April 4, 2019 Daily Clips


Clarno takes ceremonial oath of office

Salem Reporter

Scores of family, friends, lawmakers and journalists packed into the Governor’s ceremonial office to watch Oregon’s newest Secretary of State, Bev Clarno, take the oath of office. The event was largely symbolic. Clarno was officially sworn in Sunday night, and got to work Monday morning. Clarno, an 83-year-old Redmond Republican, was appointed by Gov. Kate Brown to fill the remainder of Dennis Richardson’s term. Richardson died in office in February. Clarno previously served in the legislature as Speaker of the house in the 1990s and Senate Republican Leader in 2003, when there was an even 15-15 split in the chamber.

Oregon reaches female power milestone with new office holder

Albany Democrat Herald

A glass ceiling was broken in Oregon Wednesday when a former lawmaker and hog farmer was sworn in as secretary of state, marking the first time in state history that women have held four of five statewide offices. Bev Clarno is also the oldest person to have ever held the office, according to Kerry Tymchuk, executive director of the Oregon Historical Society. Clarno turned 83 on Friday and was on vacation when Gov. Kate Brown left her a voicemail, saying she was being tapped to serve in the state’s second-highest office.

Oregon leaders want to remove college degree requirement for child welfare workers


Gov. Kate Brown and Oregon child welfare leaders want to remove college degree requirements for caseworkers to increase workforce diversity and the candidate pool for openings the agency has struggled to fill. Under Oregon law, employees who investigate reports of child abuse and make decisions about whether to remove children from their families much have at least a bachelor’s degree.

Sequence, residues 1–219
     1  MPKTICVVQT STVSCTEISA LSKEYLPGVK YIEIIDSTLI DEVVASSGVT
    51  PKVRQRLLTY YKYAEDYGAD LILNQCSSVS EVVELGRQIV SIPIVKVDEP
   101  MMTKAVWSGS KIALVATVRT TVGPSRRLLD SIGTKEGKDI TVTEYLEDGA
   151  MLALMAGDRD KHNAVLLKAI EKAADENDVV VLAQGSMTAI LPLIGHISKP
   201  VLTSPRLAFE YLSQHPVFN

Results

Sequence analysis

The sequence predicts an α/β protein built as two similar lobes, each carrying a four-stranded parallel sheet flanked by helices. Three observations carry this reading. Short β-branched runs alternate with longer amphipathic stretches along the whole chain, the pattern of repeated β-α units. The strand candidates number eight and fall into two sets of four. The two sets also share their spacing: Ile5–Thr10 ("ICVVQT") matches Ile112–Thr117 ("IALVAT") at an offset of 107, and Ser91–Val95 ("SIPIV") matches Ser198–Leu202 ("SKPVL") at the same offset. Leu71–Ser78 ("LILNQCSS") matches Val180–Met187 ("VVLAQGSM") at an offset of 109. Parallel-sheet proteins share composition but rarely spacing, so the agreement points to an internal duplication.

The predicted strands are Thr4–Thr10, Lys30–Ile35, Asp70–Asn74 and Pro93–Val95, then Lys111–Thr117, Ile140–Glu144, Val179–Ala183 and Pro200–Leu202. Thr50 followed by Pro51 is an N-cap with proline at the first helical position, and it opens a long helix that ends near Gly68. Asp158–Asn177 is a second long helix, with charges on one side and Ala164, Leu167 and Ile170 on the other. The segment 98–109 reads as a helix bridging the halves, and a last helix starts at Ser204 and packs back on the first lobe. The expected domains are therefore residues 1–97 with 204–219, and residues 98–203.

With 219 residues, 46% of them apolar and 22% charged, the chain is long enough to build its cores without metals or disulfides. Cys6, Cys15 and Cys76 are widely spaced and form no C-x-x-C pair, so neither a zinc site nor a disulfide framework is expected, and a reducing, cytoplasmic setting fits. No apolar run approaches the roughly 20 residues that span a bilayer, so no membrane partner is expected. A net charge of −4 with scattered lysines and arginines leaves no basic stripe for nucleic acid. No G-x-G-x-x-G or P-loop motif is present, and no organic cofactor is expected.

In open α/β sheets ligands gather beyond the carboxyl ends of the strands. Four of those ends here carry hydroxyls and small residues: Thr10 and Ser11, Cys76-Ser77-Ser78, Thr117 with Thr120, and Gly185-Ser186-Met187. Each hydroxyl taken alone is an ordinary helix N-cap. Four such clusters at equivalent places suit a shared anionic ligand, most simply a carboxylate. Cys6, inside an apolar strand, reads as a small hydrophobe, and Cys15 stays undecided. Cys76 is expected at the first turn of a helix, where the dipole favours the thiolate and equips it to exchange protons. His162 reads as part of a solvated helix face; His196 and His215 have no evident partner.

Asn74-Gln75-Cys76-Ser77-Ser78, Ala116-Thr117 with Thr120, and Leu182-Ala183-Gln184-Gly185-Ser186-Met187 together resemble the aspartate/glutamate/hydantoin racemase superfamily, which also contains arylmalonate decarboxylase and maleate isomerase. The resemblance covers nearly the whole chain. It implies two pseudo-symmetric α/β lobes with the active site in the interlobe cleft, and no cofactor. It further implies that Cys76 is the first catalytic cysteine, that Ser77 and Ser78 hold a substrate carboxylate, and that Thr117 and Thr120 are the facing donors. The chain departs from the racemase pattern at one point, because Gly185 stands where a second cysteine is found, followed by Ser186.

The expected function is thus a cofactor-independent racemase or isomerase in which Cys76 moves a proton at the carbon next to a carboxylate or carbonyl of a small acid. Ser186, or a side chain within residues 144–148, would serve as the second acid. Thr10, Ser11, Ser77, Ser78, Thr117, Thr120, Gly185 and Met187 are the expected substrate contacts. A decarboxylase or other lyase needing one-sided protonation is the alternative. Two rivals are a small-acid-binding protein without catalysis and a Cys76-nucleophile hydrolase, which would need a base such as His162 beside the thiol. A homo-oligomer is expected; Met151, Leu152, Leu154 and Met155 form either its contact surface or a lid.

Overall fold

Lawmakers consider measure that would allow lawsuits over frivolous calls for police


A person who has the police called on them for the “crime” of being a person of color could sue the person who summoned law enforcement, under a bill introduced by three African American state lawmakers. One of the sponsors, Rep. Janelle Bynum, D-Clackamas, experienced such a call when she was canvassing for votes in her suburban Portland district last summer. The summoning of police on a lawmaker “campaigning while black” drew national attention.”

Hasta la vista, greenhouse gas: Arnold Schwarzenegger weighs in on Oregon’s carbon emission reduction bill


In a video shared on Twitter Wednesday, the Terminator voiced his support for HB 2020, which would work to reduce Oregon’s greenhouse gas emissions. Arnold Schwarzenegger isn’t just an action star with an instantly recognizable accent. Don’t forget, he was governor of California from 2003 to 2011. And it is that experience, not his comfort with a catchphrase, that he brought to Wednesday’s video.

Oregon Warns Medical Cannabis Growers: Report Or Face Fines

Oregon Public Broadcasting